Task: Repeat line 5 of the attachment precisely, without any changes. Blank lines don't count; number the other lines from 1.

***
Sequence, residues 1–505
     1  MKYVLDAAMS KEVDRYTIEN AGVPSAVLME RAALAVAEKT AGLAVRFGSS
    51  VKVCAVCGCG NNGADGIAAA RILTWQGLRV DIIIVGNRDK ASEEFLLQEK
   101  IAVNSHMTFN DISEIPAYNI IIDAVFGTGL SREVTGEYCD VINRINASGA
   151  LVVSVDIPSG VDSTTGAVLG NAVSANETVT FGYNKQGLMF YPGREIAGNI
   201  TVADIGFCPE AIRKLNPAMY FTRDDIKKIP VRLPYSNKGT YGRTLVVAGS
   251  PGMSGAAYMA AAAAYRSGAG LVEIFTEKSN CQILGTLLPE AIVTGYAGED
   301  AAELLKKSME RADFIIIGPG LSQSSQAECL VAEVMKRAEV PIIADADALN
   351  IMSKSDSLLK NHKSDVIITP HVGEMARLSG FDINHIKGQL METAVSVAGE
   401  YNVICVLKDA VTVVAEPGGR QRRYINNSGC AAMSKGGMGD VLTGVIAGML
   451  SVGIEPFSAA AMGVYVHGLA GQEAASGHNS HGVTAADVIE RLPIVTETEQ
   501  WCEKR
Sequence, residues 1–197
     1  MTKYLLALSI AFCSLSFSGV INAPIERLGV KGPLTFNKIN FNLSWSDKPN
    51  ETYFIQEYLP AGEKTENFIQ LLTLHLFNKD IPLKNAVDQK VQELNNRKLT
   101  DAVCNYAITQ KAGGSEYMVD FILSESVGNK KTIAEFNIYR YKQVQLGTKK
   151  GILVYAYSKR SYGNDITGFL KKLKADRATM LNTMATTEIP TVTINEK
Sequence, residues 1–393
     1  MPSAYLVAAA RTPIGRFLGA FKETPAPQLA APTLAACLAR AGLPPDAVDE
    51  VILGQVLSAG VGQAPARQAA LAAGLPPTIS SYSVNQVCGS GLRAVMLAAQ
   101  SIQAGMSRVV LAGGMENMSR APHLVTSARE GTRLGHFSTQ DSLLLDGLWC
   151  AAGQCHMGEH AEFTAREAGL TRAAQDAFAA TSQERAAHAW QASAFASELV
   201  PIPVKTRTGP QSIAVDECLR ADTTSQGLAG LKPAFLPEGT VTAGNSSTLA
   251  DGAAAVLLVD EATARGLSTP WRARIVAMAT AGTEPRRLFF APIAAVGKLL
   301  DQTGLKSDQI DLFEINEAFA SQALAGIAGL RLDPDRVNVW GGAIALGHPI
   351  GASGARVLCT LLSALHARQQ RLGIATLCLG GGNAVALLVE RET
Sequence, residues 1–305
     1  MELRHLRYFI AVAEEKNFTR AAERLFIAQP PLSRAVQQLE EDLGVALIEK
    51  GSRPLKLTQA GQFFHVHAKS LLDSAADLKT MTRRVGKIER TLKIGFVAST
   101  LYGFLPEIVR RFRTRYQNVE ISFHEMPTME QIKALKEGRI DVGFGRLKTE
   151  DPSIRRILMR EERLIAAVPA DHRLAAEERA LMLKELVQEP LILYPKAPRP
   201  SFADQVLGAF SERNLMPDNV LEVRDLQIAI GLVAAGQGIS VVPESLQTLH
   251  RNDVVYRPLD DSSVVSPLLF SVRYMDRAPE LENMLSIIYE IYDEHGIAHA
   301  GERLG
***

   151  LVVSVDIPSG VDSTTGAVLG NAVSANETVT FGYNKQGLMF YPGREIAGNI